This is where the debate becomes heated. I personally believe that the punishment doled out to Tim does not fit the crime. Alongside a good track record of facilitating and working with female academics, Tim is also an outstanding scientist who, as a whole, seems to be spending his post-research years promoting the scientific career path (to both men and women). Stripping him of his position at UCL and, as a result, also of his other academic positions and making him ‘toxic’ to the industry does not seem appropriate. I’m certainly not suggesting that punishment isn’t necessary, only that we have taken this too far.

I also wonder if this backlash is side-stepping some important questions? Does Tim’s comment about women ‘crying’ highlight a viewpoint held by other academics? If so, is it then pertinent to use this as a springboard into discussions about managing researchers with different personality types and how to get the best out of all employees? Perhaps we can even use this as an opportunity to build a better understanding of existing prejudices in the field and work towards addressing these?

One thing is certain, Tim’s comments and his subsequent treatment have divided opinions both within and outside the academic community. Although I personally believe he has been treated too harshly, I know colleagues who think differently – In a recent Facebook debate, two of my fellow female colleagues had this to say:

I still think it’s sad that he didn’t offer a genuine apology before he ruined his and his wife’s career. Women today might think that they don’t have to be feminist because they have it all, but they have no idea how precarious our position is and how little sexism needs to become rampant again. Mysogyny is an aggressive weed with deep roots and it needs to be stamped on as soon as it raises its head, even as a joke. So I agree that unfortunately there was nothing else UCL could have done.” – Quote: Jadwiga Nazimek

He isn’t being demonized as sexist, he said a sexist thing, followed by a ‘sorrynotsorry’, and therefore has been rightly called sexist. It’s not fair to generalise his personal experience to all women, or in fact to all men, by implying these are female-specific behaviours, and that ‘girls’ are impossible to work with because of them.” – Quote: Sarah Ryan

We’d love to hear your opinions on the topic, so please add your voice to the debate in the comments section below.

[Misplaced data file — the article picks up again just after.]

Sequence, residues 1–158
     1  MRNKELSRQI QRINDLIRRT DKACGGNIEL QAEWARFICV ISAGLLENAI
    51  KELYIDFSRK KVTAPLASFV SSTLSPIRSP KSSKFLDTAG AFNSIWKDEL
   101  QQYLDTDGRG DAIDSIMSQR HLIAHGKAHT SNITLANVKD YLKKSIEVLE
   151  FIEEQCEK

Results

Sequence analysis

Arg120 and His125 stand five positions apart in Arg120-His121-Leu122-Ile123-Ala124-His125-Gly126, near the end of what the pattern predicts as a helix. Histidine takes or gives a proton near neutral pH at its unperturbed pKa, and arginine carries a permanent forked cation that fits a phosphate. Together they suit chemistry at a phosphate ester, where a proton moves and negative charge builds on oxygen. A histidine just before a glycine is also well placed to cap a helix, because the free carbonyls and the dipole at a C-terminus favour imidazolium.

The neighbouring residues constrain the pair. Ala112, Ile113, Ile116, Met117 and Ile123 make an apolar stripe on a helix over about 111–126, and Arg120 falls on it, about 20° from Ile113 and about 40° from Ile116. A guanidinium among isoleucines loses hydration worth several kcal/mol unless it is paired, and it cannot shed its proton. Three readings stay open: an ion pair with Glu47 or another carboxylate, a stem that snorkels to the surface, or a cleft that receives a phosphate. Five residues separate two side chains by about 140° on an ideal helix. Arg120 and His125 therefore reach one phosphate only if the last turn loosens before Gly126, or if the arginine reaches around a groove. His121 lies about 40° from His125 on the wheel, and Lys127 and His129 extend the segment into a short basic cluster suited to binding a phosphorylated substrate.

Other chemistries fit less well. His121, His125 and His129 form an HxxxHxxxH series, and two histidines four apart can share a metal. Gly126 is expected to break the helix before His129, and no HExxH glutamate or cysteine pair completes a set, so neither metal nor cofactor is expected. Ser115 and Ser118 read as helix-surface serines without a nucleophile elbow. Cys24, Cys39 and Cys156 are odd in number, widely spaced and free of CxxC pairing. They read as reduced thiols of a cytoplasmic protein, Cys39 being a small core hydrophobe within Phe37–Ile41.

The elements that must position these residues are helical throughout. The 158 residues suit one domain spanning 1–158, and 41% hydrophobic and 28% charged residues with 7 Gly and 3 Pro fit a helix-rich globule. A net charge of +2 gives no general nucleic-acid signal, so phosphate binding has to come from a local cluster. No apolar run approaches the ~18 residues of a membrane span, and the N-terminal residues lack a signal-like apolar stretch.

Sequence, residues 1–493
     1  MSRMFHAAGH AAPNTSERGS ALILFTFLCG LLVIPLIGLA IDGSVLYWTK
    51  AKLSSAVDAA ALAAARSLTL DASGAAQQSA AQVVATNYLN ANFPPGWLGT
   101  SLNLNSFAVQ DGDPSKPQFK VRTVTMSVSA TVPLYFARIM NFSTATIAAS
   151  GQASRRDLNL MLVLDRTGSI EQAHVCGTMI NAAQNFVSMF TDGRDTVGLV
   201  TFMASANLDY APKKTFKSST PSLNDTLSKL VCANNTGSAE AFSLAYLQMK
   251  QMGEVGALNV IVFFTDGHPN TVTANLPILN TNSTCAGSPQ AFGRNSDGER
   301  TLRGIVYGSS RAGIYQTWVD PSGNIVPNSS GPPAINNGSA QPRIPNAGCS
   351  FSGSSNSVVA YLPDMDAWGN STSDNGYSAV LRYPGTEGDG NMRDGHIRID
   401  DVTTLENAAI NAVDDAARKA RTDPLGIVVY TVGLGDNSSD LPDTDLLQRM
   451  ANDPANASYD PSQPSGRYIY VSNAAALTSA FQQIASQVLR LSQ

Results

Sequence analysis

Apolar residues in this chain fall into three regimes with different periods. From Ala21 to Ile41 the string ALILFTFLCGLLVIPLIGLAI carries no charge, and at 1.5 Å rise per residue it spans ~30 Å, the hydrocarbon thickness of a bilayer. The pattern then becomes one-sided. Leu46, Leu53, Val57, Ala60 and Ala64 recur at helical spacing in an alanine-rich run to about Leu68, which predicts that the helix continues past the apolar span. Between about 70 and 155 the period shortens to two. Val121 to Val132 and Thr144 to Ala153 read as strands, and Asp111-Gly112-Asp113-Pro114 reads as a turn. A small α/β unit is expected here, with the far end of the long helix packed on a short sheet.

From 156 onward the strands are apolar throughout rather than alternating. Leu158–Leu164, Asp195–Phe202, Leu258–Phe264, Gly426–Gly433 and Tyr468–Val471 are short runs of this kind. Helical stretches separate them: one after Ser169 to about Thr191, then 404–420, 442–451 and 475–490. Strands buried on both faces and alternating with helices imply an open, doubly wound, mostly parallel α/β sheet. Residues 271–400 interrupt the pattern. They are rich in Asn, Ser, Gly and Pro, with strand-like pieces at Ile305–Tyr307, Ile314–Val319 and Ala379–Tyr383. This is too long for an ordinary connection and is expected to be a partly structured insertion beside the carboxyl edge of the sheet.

Post by: Sarah Fox

The dolphins that lend a helping flipper

Interactions between humans and animals can happen on many levels, but it is rare for the human to feel to be the less intelligent half of the relationship. Yet, when humans and dolphins meet, this can often seem to be the case. Generally, humans feel to be the master race, in control and superior to other animals. However, our encounters with dolphins can often demonstrate how they may operate on a level more similar to ours than we realise.

 The Common Dolphin. Photo Credit: NOAA NMFS via Wikimedia Commons
The Common Dolphin.
Photo Credit: NOAA NMFS via Wikimedia Commons

Some pods of wild dolphins have very interesting interactions with small fishing villages, especially in Brazil. Each morning the fishermen lay out their nets ready for the fish and each morning the local dolphin pod arrives and proceeds to herd fish towards the fishermen. If this behaviour wasn’t unusual enough, the dolphins have even begun signalling to the fishermen to tell them when to throw their nets using a system of fin slaps against the surface of the water. This coordination ensures the fishermen have full nets after a very short time.

This behaviour wasn’t trained or instructed by mankind; it is completely natural. But what do the dolphins gain? This is where it becomes a little less clear. Some speculate that they benefit by having an easy time of catching the fish that are trying to escape, but this isn’t known for sure.

 Painting of dolphins from the Bronze Age in Crete.  Photo Credit: H-stt via Wikipedia
Painting of dolphins from the Bronze Age in Crete.
Photo Credit: H-stt via Wikipedia

All that is known is that this strange working relationship is a natural occurrence that will continue on. The fishermen will teach their sons to watch for the dolphins’ signals, and the dolphins will teach their calves to herd the fish.

When humans enter the sea we are, in a sense, invading the dolphins’ home. Yet, even when we place ourselves outside of our natural habitat and get into difficulty, instead of ignoring us or despising us for intruding on their world dolphins are well known for lending a flipper. Stories can be traced back to Ancient Greek legends of dolphins rescuing sailors. This isn’t just a myth though – more recent stories of dolphins staying with lost divers can be found from all around the world.

Here is an instance where the dolphins aren’t just interacting with humans freely but where they are also going out of their way to help us when we’re in distress. They have been witnessed attacking sharks that are threatening people in the water. But, again, why? Why are dolphins choosing to do this? They could be the first animal that has ever shown true altruism (besides humans).

Photo Credit: Claudia14 via Pixabay. Image used under Creative Commons Deed CC0
Photo Credit: Claudia14 via Pixabay. Image used under Creative Commons Deed CC0

The dolphins could drive fish into nets to gain an easy meal, but protecting humans doesn’t show a clear benefit for them. All other animals allow the ecosystem to flow as normal and will not interfere with its course. In these two examples, however, the dolphins have chosen not just to intervene but to intervene to help one species at the expense of another. They drive fish to their deaths so that we may catch them. They stop the sharks from having an easy meal to save the lives of humans.